On the address side of the card the headline says, “Just because Annise Parker is a lesbian doesn’t make her qualified to be Mayor of Houston.”
In an interview on KHOU, Wilson said societies that embrace homosexuality are “doomed for extinction.” His aim, he said, is to “energize the conservative Christian base and get them out to vote.”
A spokesperson for Parker suggested Parker’s opponent, Locke, has been meeting in secret with Wilson and others who oppose Parker because of her sexual orientation.
Locke has been campaigning to the House Area Pastor Council, the group making its own anti-gay attack on Parker, as well as other anti-gay activists in the city. Beginning in September, a group calling itself “Christians for Better Government” sent out a press release urging that Parker’s being gay was “not the proper role model” to lead Houston because, among other things, it means “she doesn’t believe in God.”
But Locke said he “vehemently” rejected the attack on Parker, saying the message in the Council’s press release was “reprehensible.”
Houston’s daily newspaper, the Chronicle, ran a tough editorial Nov. 14, criticizing the “band of socially conservative activists and ministers” for trying to inject “intolerance” into the race.
“While Parker has never made a secret of her sexuality,” said the editorial, “the campaign debate and agenda to date have been wholly defined by the issues facing the city and the comparative qualifications and experience of the candidates.”
Meanwhile, Parker is campaigning with a focus on fiscal caution – a caution that, ironically, puts her in a wait-and-see position on the issue of domestic partnership benefits for city employees, while Locke says he’s for them now.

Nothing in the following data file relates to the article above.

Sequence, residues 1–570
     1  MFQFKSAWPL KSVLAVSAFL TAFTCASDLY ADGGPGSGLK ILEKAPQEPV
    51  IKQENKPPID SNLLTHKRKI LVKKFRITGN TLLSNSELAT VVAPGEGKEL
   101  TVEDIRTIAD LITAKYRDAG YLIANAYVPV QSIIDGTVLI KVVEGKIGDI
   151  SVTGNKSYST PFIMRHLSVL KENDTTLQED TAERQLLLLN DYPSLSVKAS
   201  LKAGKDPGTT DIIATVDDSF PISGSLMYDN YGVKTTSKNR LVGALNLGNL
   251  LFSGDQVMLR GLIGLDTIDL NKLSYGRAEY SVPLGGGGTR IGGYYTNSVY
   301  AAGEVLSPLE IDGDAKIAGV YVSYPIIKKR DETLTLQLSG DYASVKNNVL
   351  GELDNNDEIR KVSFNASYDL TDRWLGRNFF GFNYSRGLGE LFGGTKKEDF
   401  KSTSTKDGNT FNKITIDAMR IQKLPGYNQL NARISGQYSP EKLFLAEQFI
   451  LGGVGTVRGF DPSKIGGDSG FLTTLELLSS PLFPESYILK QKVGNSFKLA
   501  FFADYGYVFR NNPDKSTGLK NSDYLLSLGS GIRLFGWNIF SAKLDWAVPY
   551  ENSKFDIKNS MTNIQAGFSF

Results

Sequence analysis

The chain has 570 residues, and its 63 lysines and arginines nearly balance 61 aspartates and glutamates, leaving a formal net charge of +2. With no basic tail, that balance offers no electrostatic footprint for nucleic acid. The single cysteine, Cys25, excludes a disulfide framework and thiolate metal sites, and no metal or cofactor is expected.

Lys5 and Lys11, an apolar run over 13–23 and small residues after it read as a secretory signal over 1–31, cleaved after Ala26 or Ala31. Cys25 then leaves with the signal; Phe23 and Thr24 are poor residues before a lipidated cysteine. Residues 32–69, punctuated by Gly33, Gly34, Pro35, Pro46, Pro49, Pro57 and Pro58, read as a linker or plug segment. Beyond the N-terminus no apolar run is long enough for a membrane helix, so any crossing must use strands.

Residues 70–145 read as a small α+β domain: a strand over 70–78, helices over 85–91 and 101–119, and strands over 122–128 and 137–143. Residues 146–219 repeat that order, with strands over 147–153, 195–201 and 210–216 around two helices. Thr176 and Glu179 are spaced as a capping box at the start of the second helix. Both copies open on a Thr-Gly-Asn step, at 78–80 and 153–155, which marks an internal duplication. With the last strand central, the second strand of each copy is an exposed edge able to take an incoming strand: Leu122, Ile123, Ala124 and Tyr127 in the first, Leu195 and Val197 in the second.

The Chronicle says it sees little difference between the candidates.
Parker, 53, and Hubbard have been together since 1990 and have two children. Locke, 62, is married to Aubrey Sampson Locke and they have five children.
Neither candidate lists gay civil rights as an issue on their campaign Web sites.
Parker is seen as a cautious fiscal conservative, more interested in cutting spending than raising taxes. Locke is seen as more focused on improving the economy through investments in new business opportunities.
One longtime Houston conservative blogger, David Jennings, blamed the anti-gay campaign on the enthusiasm of Parker’s gay supporters.
“On election night,” he wrote in a Nov. 16 blog, “the (Parker campaign) Twitter feed was like watching a gay pride parade. No mention at all of her qualifications, just her homosexuality. Combined with her early years as a gay activist, it is easy to see why social conservatives would hesitate to support her.”
But the truth, said Jennings, is that Parker “has not pushed a ‘gay agenda’ during her political years.” He urged a vote for her.
The gay newspaper Dallas Voice noted that Parker, unlike Locke, released her tax returns, and those of Hubbard, to the press. The paper noted that some criticized the move as her attempt to present her and her domestic partner “as a married couple.”